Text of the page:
Run free command to check the free space of the machine. We have 2 databases running on this machine, so we have only 1g free memory.

[oracle@proddb dbhome_1]$ free

total       used       free     shared    buffers     cached

Mem:       7397060    6295684    1101376     266948      66356    1364664

-/+ buffers/cache:    4864664    2532396

Swap:      4194300      29916    4164384

[oracle@proddb dbhome_1]$

After having a database service with the specific parameters, you can change the parameters anytime. Let’s add 2gb free space to the machine. Switch to the home page of the database cloud service, click on the menu icon and choose “Scale Up/Down” link

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Provide size of the new space and click “Yes, Scale Up/Down Service” button

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The host will reboot and the required space will be added :

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The new space is mounted to the new mount point (u05):

 

[oracle@proddb ~]$ df -kh

Filesystem            Size  Used Avail Use% Mounted on

/dev/xvdb3             25G   12G   12G  51% /

tmpfs                 3.6G     0  3.6G   0% /dev/shm

/dev/xvdb1            477M  148M  300M  34% /boot

/dev/xvde1             59G  7.4G   49G  14% /u01

/dev/mapper/dataVolGroup-lvol0

25G  3.8G   20G  17% /u02

/dev/mapper/fraVolGroup-lvol0

6.8G  2.1G  4.4G  32% /u03

/dev/mapper/redoVolGroup-lvol0

26G  3.1G   22G  13% /u04

/dev/xvdg1            2.0G  3.1M  1.9G   1% /u05

[oracle@proddb ~]$

Posted in Uncategorized | No Comments »

“Oracle Certified Master 11g Study Guide” – www.ocmguide.com – Free Ebook

Posted by Kamran Agayev A. on October 14th, 2016

ocm-book

 

This is it! My second book is out!

There are bunch of certified associate and professional Oracle DBAs around the world who plan to take an OCM exam, but without having a study guide it seems to be hard to prepare for that amount of different topics and make all kind of practical tests. And most of them, just give up.

And having successfully passed the exam, I decided to help DBAs by sharing my preparation method with you. It has been 2 years since I have started writing the book about how to prepare for OCM 11g Exam. This guide covers all OCM topics with documentation references and MOS notes, with step by step installation and configuration instructions, practical and real-life examples.

This book consists of 200+ practical scenarios, 260 screenshots and 300+ assigned tasks with specified time limit that makes you 100% ready for the exam. Every single topic is explained in a practical examples using both graphic user and command line interfaces.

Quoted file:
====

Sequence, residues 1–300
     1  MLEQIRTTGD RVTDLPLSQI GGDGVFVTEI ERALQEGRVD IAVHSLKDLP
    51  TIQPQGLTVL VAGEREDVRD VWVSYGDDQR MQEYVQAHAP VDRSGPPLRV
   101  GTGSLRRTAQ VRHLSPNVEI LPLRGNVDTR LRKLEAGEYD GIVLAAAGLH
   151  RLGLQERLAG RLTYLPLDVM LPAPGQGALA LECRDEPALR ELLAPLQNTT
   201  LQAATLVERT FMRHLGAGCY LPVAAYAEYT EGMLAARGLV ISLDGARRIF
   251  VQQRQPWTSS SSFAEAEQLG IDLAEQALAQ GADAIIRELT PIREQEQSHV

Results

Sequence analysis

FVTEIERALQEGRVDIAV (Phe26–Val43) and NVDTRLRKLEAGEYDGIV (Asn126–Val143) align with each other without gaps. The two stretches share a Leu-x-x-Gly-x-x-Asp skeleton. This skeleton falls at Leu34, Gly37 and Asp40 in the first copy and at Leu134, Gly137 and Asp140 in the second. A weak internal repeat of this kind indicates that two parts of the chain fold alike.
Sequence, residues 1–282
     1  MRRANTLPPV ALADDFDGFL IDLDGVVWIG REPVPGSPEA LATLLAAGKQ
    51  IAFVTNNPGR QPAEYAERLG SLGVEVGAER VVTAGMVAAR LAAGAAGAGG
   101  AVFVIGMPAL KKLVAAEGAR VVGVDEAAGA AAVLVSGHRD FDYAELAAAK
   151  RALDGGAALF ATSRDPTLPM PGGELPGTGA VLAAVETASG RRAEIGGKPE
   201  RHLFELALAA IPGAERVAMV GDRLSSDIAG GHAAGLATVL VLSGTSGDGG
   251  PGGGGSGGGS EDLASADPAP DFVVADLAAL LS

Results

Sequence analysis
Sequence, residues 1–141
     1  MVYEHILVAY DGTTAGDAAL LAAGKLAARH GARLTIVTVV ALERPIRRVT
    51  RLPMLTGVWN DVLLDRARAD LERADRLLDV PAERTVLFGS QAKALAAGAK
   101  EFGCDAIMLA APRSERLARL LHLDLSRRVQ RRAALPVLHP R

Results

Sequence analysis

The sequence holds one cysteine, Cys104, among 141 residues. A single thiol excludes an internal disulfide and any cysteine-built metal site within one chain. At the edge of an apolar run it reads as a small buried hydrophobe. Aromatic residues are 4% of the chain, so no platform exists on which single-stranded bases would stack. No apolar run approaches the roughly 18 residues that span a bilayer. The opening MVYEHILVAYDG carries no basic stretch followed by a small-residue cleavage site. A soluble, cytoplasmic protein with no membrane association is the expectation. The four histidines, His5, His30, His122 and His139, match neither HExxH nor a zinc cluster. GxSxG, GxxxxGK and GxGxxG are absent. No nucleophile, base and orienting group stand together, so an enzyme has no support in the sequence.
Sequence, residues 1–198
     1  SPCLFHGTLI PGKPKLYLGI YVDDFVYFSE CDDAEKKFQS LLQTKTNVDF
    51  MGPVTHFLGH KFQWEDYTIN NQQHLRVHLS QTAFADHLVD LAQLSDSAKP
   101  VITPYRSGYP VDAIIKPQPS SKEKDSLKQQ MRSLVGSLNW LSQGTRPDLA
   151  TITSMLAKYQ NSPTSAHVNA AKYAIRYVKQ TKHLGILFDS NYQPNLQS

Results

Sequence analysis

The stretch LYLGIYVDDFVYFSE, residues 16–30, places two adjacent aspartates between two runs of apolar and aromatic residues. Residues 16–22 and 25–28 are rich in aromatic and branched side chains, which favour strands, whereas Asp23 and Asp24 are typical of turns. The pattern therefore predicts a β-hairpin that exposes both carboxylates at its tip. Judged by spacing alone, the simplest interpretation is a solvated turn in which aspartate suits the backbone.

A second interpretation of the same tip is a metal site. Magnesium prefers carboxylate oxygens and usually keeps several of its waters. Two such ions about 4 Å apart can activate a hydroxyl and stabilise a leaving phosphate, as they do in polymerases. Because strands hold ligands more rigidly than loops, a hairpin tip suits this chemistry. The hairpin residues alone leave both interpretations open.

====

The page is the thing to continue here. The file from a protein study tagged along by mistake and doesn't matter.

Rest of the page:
If you are a certified DBA and looking forward to become an OCM, then this study guide is for You!

If you are a DBA and want to have a practical experience in different topics such as Oracle Enterprise Manager, Backup and Recovery, ASM, RAC, Grid Infrastructure, Performance Tuning, Data Guard and etc, then this book is for You!

To get a free copy of some chapters of the book, visit www.ocmguide.com

 

Posted in Uncategorized | 1 Comment »

RMAN “Catalog start with” returns “no files found to be unknown to the database”

Posted by Kamran Agayev A. on January 2nd, 2016

Interesting issue happened today (running 11.2.0.3 DB on Linux) while using “CATALOG START WITH” command in RMAN. Although I was having all backups under /orabackup folder, RMAN didn’t find anything, reporting “no files found to be unknown to the database” message:

RMAN> catalog start with ‘/orabackup’;

searching for all files that match the pattern /orabackup
no files found to be unknown to the database

RMAN>

 

I changed the permission to “chmod 777” and checked the owner, used different patterns like “/orabackup/*”, “/orabackup/” and  “/orabackup/*.bkp” but failed. Then I decided to create a folder under the /orabackup folder, moved all files in it and tried “CATALOG START WITH” command again, and succeeded.

RMAN> catalog start with ‘/orabackup’;

searching for all files that match the pattern /orabackup
no files found to be unknown to the database

RMAN>

[oracle@db1 ~]$ cd /orabackup/
[oracle@db1 orabackup]$ mkdir test
[oracle@db1 orabackup]$ mv *.bkp test/
RMAN> catalog start with ‘/orabackup/test’;

searching for all files that match the pattern /orabackup/test

List of Files Unknown to the Database
=====================================
File Name: /orabackup/test/mydb_database_btqqatr2_1_1.bkp
File Name: /orabackup/test/mydb_database_bsqqakoq_1_1.bkp
File Name: /orabackup/test/mydb_arch_buqqatrp_1_1.bkp